Why Holistic Health is Important for Your Dog
Four years ago, my empty-nester parents finally decided to adopt their very first dog: an incredibly sweet and fluffy Golden Retriever named Rocky. After only a few days of getting to know this new guy, we all thought, ‘Oh, so this is what dog love is like.”
Since then, it’s been nothing but doggie spa treatments (in which Rocky comes back smelling like blueberry and vanilla goodness), banana treats and annual sweet potato “birthday cakes” and all-natural vet-approved glucosamine and turmeric supplements. Our family dog is healthier than most people I know!
When it comes to ensuring your dog is getting the best pet care possible, we completely get it. At our dog-friendly Vitarock office, our dog moms and dads are always sharing their latest discoveries for the best and safest natural products for their furry companions (a.k.a. our fur babies).
With the pet industry now estimated at over $72 billion — and supplies and over-the-counter medicine reaching $15 billion last year — the choices on what to give your dog may seem overwhelming. Now more than ever it is important for us to choose natural food and products for dogs over cheaper, mass-marketed options.
“Holistic health is becoming a lot more familiar with people,” says registered holistic nutritionist and owner of The Bone Natural Health Boutique, Jessica Mowforth. “Now that they’ve gotten comfortable [with holistic health] for themselves, they’re starting to open up to alternatives for their pets.” Mowforth says that we’re seeing a huge increase in human diseases such as cancer, heart disease, diabetes, epilepsy and allergies in our dogs. “This is by far a huge contributor to why people are exploring different options in the holistic world and staying far, far away from the conventional, overly marketed generic pet foods.”
It’s important to remember, however: not everything that’s safe for humans is safe for dogs, especially when it comes to supplements and natural remedies. Be sure to speak to an expert in the field before starting any new program for your dog.
That said, we’ve outlined some of the most common ailments and recommended safe and natural supplements for dogs.
Joint support continues to be a common health issue for dogs (and Rocky can attest). According to a market research report by TechNavio, the joint-health category represented a whopping 39% share of the pet-supplements market! Luckily, there’s a myriad of natural solutions that may help.
Collagen, for example, has been known to be incredibly effective in improving joint pain and joint function in dogs. “Collagen is really great for puppies as they grow, elderly dogs for maintenance, prevention or treatment as well as sick dogs for healing purposes, especially if they are struggling to eat,” says Mowforth.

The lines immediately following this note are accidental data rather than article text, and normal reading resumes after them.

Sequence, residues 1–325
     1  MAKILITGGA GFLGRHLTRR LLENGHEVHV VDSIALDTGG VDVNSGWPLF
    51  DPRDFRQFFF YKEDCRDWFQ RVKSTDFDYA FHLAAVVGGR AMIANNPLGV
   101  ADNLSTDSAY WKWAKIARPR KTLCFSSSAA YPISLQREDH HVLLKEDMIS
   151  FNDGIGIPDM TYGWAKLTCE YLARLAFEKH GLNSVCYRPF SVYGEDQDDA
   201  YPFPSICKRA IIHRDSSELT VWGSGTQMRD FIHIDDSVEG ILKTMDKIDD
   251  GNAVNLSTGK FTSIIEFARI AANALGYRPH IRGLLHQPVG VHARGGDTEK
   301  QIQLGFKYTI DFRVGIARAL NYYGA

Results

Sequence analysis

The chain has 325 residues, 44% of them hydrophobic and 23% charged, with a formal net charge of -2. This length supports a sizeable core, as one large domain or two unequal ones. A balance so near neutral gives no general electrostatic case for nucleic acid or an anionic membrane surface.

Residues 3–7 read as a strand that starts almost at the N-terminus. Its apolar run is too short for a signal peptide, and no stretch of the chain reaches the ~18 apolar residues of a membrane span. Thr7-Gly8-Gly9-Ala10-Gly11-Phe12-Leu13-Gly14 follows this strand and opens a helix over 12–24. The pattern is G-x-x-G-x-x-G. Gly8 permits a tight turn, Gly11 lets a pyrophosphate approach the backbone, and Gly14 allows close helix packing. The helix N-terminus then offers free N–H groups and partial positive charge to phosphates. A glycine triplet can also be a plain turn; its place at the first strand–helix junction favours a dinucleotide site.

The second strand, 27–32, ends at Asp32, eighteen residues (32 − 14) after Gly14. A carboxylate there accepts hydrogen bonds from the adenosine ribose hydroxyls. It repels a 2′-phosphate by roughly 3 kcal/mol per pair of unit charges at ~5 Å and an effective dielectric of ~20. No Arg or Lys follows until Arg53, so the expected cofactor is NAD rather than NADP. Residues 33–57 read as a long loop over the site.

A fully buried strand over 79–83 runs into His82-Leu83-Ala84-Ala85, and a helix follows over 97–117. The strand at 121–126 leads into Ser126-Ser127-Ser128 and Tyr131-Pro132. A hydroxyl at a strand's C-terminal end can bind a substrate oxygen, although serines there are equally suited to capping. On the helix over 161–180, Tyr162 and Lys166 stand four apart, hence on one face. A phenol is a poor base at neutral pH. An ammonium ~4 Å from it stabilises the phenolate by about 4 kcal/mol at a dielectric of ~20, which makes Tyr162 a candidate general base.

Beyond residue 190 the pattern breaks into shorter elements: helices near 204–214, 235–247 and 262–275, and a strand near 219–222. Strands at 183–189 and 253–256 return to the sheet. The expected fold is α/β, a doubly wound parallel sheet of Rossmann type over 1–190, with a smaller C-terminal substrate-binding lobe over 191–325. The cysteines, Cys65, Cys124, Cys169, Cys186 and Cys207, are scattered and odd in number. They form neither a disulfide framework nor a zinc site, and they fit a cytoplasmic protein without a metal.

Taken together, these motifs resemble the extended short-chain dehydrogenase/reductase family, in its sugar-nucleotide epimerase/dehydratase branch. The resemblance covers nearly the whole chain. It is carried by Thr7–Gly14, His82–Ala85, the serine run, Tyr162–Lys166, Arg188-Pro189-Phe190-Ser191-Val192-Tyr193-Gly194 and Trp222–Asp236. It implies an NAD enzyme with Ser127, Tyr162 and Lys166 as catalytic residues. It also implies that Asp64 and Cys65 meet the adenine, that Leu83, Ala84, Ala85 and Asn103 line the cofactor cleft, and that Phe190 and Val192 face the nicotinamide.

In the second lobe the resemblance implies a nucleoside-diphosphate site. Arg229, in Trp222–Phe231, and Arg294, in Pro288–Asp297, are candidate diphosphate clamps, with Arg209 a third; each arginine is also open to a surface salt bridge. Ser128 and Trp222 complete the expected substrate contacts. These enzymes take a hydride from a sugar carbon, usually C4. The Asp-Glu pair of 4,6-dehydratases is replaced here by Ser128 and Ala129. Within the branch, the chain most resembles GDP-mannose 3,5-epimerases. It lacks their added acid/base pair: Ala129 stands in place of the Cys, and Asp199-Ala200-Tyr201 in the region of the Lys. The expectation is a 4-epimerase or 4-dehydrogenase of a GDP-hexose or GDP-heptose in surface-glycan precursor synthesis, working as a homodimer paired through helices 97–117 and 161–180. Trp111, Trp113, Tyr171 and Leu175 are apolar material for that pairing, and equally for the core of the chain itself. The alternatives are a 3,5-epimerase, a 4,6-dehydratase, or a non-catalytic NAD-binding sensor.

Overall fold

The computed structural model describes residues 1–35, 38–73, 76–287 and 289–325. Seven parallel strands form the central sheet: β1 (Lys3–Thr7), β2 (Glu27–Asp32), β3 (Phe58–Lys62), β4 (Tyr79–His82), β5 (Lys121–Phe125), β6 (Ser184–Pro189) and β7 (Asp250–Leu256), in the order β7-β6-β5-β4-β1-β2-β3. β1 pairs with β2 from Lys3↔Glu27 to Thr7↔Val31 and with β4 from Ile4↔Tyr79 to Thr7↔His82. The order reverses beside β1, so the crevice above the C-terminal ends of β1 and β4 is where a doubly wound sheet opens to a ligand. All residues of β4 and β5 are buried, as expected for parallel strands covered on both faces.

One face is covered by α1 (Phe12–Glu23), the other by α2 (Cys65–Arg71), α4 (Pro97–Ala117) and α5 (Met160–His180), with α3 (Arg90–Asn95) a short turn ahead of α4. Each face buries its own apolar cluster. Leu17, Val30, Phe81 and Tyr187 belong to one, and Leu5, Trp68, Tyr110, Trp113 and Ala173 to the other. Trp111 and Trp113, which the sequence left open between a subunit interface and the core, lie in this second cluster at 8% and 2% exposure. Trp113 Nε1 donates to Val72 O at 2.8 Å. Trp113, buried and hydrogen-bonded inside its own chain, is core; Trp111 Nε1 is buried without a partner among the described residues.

Adding collagen to your dog’s diet may help prevent injuries like torn ligaments, patellar subluxations (dislocation of the kneecap) and elbow and hip dysplasia, as well as age-related joint and soft tissue pain.
Like humans, gut health is important for dogs since it’s responsible for ensuring the proper breakdown of food, supplying him or her with the nutrients and energy needed to function on a daily basis. Dogs may experience issues with digestion due to things like changes from unknown food allergies, diet changes, ingestion of food scavenged from garbage cans or outdoors and other gastrointestinal diseases. Mowforth recommends a raw diet, probiotics and fish oil to maintain good digestive health for your dog.
Natural shampoos for dogs have been shown to bring benefits to the skin and fur of your dog, making it thicker, shinier and overall healthier. But be weary of pet products labeled “natural” — they could contain hidden ingredients that are anything but natural. “You want to look for an ingredient list that you can actually read,” says Mowforth. “Stay away from phthalates, parabens and fragrances. Look for essential oils and bases, such as coconut oil and/or almond oil.”
For a healthier shine for dogs, Mowforth is a big proponent of raw dog food, including coconut oil and fish oils in their diet. An occasional apple cider vinegar rinse (where a small amount of apple cider vinegar is diluted in warm water) can help as well.
For the most part, our dog Rocky can be super chill — bring in a pair of hyperactive, barking weiner dogs to the house, however, and Rocky’s anxiety goes through the roof. I always wondered whether certain herbal supplements are actually safe and effective in treating anxiety in dogs, but a number of my colleagues at Vitarock can attest to Bach’s Rescue Remedy for pets. It’s all-natural, non-toxic and apparently works wonders for dogs that are impatient, fearful or have been through a traumatic situation (ie. every vet appointment). Remember to check in with your vet to see if any of these remedies would suit your dog’s needs.
Dogs are like family members, and so we want to ensure they get all the love and care they give to us. This means helping your dog go the natural route, free from toxins and synthetics, so they lead a healthier life — and live as long as we can spoil them and shower them with kisses.